One in six of the planet’s species will be lost forever to extinction if climate change continues on its current track.
That’s the conclusion of a new meta-analysis of 131 published studies, looking at everything from Costa Rica’s insects to Arctic foxes to California oak trees. The analysis is one of the most comprehensive studies of how biodiversity will fare in a warmer climate. It found that the rate of biodiversity loss doesn’t rise linearly but actually accelerates with each degree of warming – highlighting the need for an urgent change of course.
“If the world does not come together and control greenhouse gas emissions and we allow the Earth to warm considerably we will face a potential loss of one in six species,” warned study author Dr. Mark Urban, an ecologist at the University of Connecticut. “Many species will be able to shift their ranges and keep up with climate change whereas others will not either because their habitat has disappeared or because they can’t reach their habitat anymore.”
The basic premise behind the studies included in the meta-analysis is that climate change reduces the geographic range in which a species can live, and that loss of living space can drive a species to extinction. “Species were predicted to become extinct if their range fell below a minimum threshold,” explained author Dr. Mark Urban in the paper published in Science.
But each study had developed its own model for that process. For instance, they assumed different rates of climate change, and they defined different amounts of range loss as fatal for a species. In this latest analysis, Dr. Urban used statistical methods to combine the data from all of the studies to work out likely extinction rates for different scenarios, like more or less global warming, or higher or lower thresholds of range loss.
Based on predictions about range loss in the 131 studies, 2.8 percent of the world’s species are now at risk. A 2⁰ C increase in global average temperature (compared to pre-industrial levels) would put 5.2 percent of species at risk. Some political leaders around the world have set a goal of limiting global warming to 2⁰ C, though most climate experts now doubt that that goal remains within reach.
At 3⁰ C, Dr. Urban’s model predicts that 8.5 percent of the world’s species would face extinction. But 3⁰ C is still pretty optimistic. The current rate of climate change puts the world’s temperatures on track to increase 4.3⁰ C by the 2060s, which Dr. Urban says would put 16 percent of species at risk for extinction. That would mean the loss of about 1 species out of every 6 in the world today by around the middle of this century unless action is taken to reduce emissions.
According to Dr. Urban’s analysis, the regions hardest hit will be South America, Australia, and New Zealand. In a world that is 4.3⁰ C warmer by mid-century, South America could lose a staggering 23 percent of its species. Australia and New Zealand could lose 14 percent of their species.
These regions are particularly vulnerable, said Dr. Urban, because they’re home to many endemic species (those that live only in one place), which already have very small ranges. Any loss of range could have a big impact on a species which only calls one very small area home. And because Australia and New Zealand are isolated from other landmasses, most of their endemic species can’t move to another habitat even if one existed.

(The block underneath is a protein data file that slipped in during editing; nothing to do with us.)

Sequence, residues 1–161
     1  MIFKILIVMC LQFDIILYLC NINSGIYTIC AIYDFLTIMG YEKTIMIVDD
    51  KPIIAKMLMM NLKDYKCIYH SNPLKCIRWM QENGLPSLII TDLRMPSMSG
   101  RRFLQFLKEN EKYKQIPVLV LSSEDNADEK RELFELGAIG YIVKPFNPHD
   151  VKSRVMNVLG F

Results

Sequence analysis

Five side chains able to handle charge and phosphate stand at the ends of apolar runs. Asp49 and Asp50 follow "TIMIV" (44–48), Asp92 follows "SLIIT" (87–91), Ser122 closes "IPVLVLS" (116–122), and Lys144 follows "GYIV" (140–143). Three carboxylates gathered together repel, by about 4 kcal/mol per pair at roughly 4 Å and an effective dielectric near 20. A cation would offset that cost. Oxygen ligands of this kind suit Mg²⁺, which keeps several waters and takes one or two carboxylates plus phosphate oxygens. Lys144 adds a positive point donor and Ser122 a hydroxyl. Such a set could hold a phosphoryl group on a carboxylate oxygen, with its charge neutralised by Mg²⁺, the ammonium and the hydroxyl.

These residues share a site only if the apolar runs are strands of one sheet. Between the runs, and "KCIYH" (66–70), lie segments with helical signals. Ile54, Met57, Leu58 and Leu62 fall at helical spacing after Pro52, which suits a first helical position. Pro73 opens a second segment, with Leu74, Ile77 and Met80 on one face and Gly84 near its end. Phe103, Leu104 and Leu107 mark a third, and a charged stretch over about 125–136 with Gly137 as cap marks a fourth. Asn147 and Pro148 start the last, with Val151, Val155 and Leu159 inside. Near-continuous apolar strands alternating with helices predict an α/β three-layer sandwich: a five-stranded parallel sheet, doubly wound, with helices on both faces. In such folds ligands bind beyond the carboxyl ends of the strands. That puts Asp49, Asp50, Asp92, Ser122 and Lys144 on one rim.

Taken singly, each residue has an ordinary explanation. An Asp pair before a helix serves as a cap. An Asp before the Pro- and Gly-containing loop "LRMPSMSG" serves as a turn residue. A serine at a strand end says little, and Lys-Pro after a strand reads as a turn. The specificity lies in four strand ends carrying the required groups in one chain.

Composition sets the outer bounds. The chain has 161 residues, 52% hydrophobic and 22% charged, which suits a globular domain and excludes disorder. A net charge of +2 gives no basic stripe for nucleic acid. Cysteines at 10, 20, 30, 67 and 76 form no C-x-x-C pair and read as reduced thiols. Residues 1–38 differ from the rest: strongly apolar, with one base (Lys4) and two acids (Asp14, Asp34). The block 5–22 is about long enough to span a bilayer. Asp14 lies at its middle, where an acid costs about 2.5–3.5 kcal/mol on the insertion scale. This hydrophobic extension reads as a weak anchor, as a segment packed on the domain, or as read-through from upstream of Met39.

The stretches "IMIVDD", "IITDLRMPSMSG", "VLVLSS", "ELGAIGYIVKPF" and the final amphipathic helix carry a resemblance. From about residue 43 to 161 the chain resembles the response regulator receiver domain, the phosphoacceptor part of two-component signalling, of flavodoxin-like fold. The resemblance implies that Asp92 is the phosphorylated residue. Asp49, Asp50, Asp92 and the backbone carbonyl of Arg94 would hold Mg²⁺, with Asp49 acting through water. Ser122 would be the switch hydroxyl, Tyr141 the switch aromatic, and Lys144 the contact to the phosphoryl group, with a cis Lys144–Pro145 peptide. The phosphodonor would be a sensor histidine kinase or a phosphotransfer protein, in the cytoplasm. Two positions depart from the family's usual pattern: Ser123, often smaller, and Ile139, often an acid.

The results highlight how crucial such dispersal ability is to many species’ future survival. As rising temperatures make one habitat unlivable for a species, it may also open up new habitats where the climate wasn’t suitable before. Species who can migrate to those new habitats will have better chances, but species trapped by natural or man-made barriers will be in dire trouble.
Other factors, which many of the studies don’t take into account, can influence a species’ response to climate change. For instance, the risk of extinction is lower for species which can evolve quickly enough to adapt to changing environments, which usually means species with short generations. Interaction between species, such as predation or symbiosis, could shift the odds either way, depending on the interaction. Invasive species, overharvesting, and pollution also increase extinction risks.
“While all species affected by climate change will not become extinct, there will undoubtedly be unwanted changes to contend with,” wrote Dr. Urban. “Even species not threatened directly by extinction could experience substantial changes in abundance, distribution, and in their interactions with other species. In turn, this may affect ecosystems, crop growth, and the spread of disease, and have other unanticipated consequences.”
The findings offer a “sobering estimate of climate change-induced biodiversity loss,” wrote University of Washington biologist Dr. Janneke Hille Ris Lambers in a commentary that accompanies Dr. Urban’s report. The study is only one of many that makes the case that “climate change will have enormous impacts on the organisms with which we share our planet,” she wrote. Despite the uncertainties inherent in making these kinds of predictions, she added, “we should not wait … before taking action, preferentially by curbing emissions.”
The dire projections from Dr. Urban’s analysis mirror those of another recent report, in which an international team of 18 scientists warned that humans are “eating away at our own life support systems” at a rate unseen in the past 10,000 years, damaging the environment so gravely that the Earth will cease to be a “safe operating space” for our species.